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Tehran Supports Doha Proposal without Confirming Freezing Oil Output | ASHARQ AL-AWSAT English Archive 2005 -2017
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Tehran Supports Doha Proposal without Confirming Freezing Oil Output

Tehran Supports Doha Proposal without Confirming Freezing Oil Output

Tehran Supports Doha Proposal without Confirming Freezing Oil Output

Khobar- Crude oil extended gains after Iran said it supported a proposal by Saudi Arabia and Russia that would freeze production at near-record levels, without saying whether it would curb its own output.

A provisional agreement to freeze oil production at January levels was reached in Doha on Tuesday between Saudi Arabia and Russia, the world’s two biggest exporters, as well as Qatar and Venezuela. But the deal is contingent on other big producers taking part.

The agreement reached in Doha is aimed at stabilizing global oil prices, which recently plunged to less than $30 a barrel, a 13-year low. But Iran is keen to ramp up exports to regain market share now that sanctions related to its nuclear program have been lifted under a landmark agreement.

“Iran supports any measure to boost oil prices,” Oil Minister Bijan Namdar Zanganeh said after talks with his counterparts from Iraq, Venezuela and Qatar.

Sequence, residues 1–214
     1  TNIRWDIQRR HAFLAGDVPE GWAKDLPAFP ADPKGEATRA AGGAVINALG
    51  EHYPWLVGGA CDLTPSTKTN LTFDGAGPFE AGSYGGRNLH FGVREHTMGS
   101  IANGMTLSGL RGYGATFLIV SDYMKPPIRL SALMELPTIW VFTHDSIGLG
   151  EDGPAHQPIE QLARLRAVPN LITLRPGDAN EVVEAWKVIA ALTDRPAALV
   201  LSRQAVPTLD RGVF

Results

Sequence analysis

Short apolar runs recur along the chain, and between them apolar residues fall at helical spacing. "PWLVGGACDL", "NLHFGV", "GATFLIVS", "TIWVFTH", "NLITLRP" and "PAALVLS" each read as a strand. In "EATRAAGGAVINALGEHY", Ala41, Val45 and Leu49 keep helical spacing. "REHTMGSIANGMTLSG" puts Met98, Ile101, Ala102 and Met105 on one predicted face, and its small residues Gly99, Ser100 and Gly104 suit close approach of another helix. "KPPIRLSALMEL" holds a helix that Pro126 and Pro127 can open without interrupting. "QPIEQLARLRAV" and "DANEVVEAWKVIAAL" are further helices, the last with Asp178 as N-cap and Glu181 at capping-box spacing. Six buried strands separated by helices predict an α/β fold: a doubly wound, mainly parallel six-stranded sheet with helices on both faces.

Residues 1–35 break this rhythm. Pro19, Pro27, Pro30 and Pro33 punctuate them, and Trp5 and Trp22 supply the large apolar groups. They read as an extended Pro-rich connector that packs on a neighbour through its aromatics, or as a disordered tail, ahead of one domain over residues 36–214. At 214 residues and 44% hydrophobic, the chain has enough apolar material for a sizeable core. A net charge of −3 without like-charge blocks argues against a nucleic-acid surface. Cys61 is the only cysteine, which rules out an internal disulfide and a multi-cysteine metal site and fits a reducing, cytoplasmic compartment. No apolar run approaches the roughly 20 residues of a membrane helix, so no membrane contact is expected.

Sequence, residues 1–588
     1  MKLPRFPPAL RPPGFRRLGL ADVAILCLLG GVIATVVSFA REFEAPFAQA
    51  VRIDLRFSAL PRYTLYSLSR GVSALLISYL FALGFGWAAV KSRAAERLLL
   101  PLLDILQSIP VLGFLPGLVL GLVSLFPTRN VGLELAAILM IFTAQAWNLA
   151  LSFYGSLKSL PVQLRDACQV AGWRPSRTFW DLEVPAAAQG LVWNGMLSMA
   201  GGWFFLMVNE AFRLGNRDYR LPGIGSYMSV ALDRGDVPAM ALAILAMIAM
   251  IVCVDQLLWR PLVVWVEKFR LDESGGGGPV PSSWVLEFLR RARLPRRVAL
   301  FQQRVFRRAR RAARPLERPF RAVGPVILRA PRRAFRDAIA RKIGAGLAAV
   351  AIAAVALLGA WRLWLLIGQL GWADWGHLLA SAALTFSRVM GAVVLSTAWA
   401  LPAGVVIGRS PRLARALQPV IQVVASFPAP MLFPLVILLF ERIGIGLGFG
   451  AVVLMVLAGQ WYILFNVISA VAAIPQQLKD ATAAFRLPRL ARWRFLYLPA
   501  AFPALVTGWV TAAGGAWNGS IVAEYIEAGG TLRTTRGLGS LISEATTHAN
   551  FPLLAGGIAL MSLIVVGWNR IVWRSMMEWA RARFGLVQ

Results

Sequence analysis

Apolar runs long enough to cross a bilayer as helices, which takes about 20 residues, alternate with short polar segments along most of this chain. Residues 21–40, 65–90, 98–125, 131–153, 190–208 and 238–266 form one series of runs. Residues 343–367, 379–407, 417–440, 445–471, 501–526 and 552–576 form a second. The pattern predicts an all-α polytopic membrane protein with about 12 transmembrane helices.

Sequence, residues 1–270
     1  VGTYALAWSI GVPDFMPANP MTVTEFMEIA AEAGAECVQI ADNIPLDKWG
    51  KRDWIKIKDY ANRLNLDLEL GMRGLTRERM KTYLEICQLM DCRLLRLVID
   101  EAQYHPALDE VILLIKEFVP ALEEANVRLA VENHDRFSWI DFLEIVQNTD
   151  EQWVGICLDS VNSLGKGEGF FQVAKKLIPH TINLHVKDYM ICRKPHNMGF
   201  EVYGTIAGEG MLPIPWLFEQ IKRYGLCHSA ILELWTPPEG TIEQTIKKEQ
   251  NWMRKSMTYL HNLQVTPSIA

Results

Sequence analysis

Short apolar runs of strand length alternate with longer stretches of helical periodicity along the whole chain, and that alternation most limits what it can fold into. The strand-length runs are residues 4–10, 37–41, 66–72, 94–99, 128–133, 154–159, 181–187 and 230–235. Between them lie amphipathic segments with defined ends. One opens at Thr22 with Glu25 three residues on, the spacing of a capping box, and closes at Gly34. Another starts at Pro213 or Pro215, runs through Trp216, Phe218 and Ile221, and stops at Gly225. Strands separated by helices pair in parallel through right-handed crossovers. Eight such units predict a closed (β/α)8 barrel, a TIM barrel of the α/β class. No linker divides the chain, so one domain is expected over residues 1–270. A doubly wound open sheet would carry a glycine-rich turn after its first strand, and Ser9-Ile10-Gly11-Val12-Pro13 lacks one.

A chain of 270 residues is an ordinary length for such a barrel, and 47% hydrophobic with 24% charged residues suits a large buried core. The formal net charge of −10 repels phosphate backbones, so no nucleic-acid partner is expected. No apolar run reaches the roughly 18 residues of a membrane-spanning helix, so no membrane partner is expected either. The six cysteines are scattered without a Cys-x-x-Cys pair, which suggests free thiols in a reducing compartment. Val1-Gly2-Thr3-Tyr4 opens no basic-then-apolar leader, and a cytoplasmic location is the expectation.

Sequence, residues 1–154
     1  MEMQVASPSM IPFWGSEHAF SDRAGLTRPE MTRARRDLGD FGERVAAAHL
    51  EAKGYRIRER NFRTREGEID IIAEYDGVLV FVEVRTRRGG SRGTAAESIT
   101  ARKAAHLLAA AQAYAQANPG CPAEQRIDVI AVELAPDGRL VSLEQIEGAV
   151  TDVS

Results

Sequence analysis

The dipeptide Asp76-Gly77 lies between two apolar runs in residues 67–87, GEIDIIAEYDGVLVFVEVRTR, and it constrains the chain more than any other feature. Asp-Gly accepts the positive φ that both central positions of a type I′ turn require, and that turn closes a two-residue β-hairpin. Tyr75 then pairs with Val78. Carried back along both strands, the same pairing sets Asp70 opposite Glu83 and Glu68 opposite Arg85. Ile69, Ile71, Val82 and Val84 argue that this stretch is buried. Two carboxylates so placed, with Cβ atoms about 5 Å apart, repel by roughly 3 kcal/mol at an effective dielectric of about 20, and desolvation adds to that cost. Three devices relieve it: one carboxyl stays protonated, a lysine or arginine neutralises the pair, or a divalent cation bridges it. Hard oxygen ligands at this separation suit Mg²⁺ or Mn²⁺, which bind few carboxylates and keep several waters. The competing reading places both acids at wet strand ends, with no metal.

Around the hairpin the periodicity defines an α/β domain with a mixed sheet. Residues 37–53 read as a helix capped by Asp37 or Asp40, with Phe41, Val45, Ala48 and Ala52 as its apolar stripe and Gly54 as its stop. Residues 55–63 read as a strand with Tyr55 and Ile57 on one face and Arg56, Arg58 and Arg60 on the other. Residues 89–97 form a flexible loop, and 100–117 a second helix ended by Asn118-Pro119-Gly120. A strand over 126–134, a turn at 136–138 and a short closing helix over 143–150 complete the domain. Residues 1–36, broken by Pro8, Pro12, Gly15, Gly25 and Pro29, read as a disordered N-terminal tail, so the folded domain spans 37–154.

Bijan Zanganeh said “Iran backs the decision taken to freeze the production ceiling of OPEC and non-OPEC members and any measures, which help stabilize the market and improve the price of crude oil”, according to state news agency Shana.

Shana added that Iran Oil Minister also said Iran will not forgo its shares in the market. The nation pumped 2.86m barrels a day in January, making it the fifth-biggest producer in OPEC.

Iranian officials had said the country will defend its right to meet its pre-sanctions production levels.

The four countries made their announcement following an unexpected meeting in the Qatari capital that pointedly did not include Iran. They agreed to act only if other producers made similar freezes.

The United Arab Emirates’ energy minister, Suhail Mohamed al-Mazroue, said that his country’s oil policy “is open to cooperate with all producers toward mutual interest of the market stability and we are optimistic on the future.”

Kuwait, another Gulf OPEC member, signaled it was willing to go along with the Doha plan.

Anas al-Saleh, who is Kuwait’s deputy premier, finance minister and acting oil minister, said in a statement that his country was committed to the proposal if others join in.

“Kuwait hopes the agreement would provide a positive atmosphere for oil prices, and for the market to regain balance, and calls on all to support stability of markets,” he said.

Iraq is ready to join Saudi Arabia in freezing or cutting output if others commit to the accord, said an official who asked not to be identified.

Moreover, an Iranian newspaper reported that Iran’s envoy to OPEC, Mahdi Asali, said regarding this matter: “demanding Iran to freeze its oil production level is illogical”.